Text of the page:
Michigan voters will have the opportunity to vote on May 5 for or against raising the state’s sales tax to 7 percent from 6 percent to fund road maintenance (Proposal 1). Eric Flessland, an attorney and shareholder at Butzel Long in Detroit, spoke with DBusiness Daily News about why those infrastructure improvements are critical to both the state’s businesses and its residents.
1. DDN: What is your assessment of the condition of Michigan’s roads?
EF: The Michigan Transportation Asset Management Council rates roads in three different categories: good, fair, and poor. And for the past 10 years, there’s been a steady increase in the number of fair and poor roads, and a steady decline in the number of good roads. Currently, about 44 percent of all Michigan roads are in poor condition, 32 percent are in fair condition, and 24 percent are in good condition. It’s estimated that, in just four years, over 50 percent of our roads will be in poor condition. And that’s (a problem) because it costs between six and 14 times more to reconstruct a poor road than it does to maintain a bad road.
2. DDN: How do poor roads impact business owners?
EF: Every business in Michigan relies on a sound infrastructure system, and every segment of business — from manufacturing to agriculture — is impacted by poor roads. For example, in agriculture, some products see up to 40 percent of damage (as a result of traveling over potholes and) Michigan’s poor infrastructure. It affects products coming into and out of the state. Michiganders don’t want to buy bruised peaches and bananas from supermarkets, so that product goes unsold, and the stores lose revenue as a result. And because the producers and distributors here in Michigan are not able to safely deliver product to consumers, that results in millions of dollars in loss for the state’s businesses — small and large.
3. DDN: What other industries are affected?
EF: The state spends tens of millions of dollars to promote Michigan tourism in other states. Truly, Michigan has some of the most remarkable recreation opportunities. And we market that in other states to pump up our tourism business, yet these visitors have to drive over our bad roads to get to those tourism attractions. When you drive over our roads, it’s pretty self-evident that they’re in bad condition. They feel the impact of our poor roads the second they cross the border.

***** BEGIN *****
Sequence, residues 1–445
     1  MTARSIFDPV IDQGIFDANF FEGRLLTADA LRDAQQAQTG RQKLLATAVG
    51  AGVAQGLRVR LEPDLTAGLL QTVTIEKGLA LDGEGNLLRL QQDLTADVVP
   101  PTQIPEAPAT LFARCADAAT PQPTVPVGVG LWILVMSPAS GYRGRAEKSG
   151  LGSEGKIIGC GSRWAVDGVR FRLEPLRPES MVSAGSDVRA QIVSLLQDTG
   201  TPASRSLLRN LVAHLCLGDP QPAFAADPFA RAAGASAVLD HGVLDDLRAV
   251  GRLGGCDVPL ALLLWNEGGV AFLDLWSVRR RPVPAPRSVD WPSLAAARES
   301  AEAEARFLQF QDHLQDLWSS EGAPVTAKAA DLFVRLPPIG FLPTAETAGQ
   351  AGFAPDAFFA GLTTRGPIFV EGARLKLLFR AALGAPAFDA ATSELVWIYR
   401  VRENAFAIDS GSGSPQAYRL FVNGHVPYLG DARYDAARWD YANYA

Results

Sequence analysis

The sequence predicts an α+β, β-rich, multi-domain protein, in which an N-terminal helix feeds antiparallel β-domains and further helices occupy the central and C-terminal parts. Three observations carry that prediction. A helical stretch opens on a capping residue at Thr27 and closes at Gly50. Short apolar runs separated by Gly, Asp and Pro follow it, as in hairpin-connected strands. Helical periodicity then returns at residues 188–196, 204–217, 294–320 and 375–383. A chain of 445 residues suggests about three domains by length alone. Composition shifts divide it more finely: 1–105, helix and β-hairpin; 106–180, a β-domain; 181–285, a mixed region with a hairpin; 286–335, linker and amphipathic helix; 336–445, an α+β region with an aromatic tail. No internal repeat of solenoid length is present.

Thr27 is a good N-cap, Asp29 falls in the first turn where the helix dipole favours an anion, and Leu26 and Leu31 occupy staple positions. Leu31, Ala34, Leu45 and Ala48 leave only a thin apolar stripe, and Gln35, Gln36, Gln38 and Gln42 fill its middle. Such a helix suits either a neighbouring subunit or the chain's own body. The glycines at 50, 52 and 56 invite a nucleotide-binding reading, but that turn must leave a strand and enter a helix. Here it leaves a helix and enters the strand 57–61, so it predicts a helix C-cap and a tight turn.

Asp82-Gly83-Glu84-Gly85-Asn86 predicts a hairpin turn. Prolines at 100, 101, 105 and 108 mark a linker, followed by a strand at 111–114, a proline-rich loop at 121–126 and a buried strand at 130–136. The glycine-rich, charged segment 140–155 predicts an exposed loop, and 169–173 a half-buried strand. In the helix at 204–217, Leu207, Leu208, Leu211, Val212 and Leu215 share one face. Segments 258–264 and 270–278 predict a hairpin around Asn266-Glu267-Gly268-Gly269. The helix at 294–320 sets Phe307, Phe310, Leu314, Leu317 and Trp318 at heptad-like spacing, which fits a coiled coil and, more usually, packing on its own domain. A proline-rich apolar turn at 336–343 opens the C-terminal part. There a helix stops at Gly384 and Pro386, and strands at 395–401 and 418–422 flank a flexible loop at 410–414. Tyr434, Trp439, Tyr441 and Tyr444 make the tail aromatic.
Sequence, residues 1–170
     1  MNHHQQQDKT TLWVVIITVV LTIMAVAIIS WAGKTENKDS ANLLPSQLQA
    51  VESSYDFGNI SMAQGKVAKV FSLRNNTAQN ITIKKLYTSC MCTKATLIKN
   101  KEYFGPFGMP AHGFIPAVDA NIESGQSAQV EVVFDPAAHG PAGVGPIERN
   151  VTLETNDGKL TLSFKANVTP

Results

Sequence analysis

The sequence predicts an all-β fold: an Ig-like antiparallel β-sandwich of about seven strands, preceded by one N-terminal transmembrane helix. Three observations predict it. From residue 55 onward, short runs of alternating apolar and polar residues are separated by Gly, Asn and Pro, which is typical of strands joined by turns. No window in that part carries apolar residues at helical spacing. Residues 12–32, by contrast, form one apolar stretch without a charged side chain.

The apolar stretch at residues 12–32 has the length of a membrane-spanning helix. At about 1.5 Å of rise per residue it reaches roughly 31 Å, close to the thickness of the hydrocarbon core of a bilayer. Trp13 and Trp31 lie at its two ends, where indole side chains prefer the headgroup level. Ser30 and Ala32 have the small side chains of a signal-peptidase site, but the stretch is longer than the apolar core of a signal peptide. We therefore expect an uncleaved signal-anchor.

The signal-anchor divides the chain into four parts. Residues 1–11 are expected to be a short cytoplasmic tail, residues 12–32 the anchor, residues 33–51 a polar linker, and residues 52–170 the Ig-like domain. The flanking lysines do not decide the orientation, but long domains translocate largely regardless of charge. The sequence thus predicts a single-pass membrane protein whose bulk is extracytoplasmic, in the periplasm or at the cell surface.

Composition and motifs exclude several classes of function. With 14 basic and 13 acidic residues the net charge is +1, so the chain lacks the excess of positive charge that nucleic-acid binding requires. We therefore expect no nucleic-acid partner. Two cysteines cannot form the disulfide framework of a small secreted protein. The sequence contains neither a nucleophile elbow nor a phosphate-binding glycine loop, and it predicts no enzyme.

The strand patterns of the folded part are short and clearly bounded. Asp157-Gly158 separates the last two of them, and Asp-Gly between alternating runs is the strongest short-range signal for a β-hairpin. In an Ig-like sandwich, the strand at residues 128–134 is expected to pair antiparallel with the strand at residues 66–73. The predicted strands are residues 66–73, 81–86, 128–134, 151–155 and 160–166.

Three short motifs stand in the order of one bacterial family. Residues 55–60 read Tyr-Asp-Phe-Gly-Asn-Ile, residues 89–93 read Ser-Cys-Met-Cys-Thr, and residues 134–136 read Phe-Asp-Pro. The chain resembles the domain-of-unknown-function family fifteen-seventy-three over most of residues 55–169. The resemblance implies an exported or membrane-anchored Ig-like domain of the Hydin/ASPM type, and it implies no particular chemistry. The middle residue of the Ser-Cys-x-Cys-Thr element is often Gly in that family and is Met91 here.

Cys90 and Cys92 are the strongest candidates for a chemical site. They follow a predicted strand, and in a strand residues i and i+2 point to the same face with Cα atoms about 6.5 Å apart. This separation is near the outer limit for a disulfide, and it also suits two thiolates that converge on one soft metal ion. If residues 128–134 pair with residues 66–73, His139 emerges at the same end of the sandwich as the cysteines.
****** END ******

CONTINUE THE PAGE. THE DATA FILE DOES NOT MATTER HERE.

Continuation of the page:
As a result, it’s pretty easy to see how an out-of-state visitor could develop a poor first impression of Michigan, which may tarnish the appeal of our tourism attractions. That could reduce the incidence of those people coming back, but then you can imagine that they go back home and bad-mouth Michigan to their friends and families and neighbors. And Pure Michigan is a great campaign, but I don’t care how catchy (the slogan ) is: those kind of negative comments are going to keep other people from coming into our state for the first time.
4. DDN: How do our roads compare to other states?
EF: Michigan spends the least amount in per capita spending in the entire nation on our roads and bridges, yet we have some of the harshest weather conditions. Think about that: we had 40-degree temperature at the beginning of (last) week, and this (past) weekend, it dropped below zero. Those temperature extremes play havoc on the condition of the roads, with the freezing and thawing and expansion of the concrete.
5. DDN: What’s the argument against approving the ballot proposal?
EF: There’s always going to be some anti-tax group that pushes back, but they don’t have any other solution to the problem. Saying things like, “we can find the money in the state budget,” or “we spend enough on roads and bridges already,” falls flat and simply isn’t true. There are people who are against Proposal 1, who feel individuals shouldn’t have to pay for this infrastructure improvement, but they’re going to pay for it one way or another. (If not through taxes), through repairs to their own damaged vehicles. This truly is our only opportunity to get this done, and to suggest that there’s another solution out there is false.
For more information about Proposal 1, click here.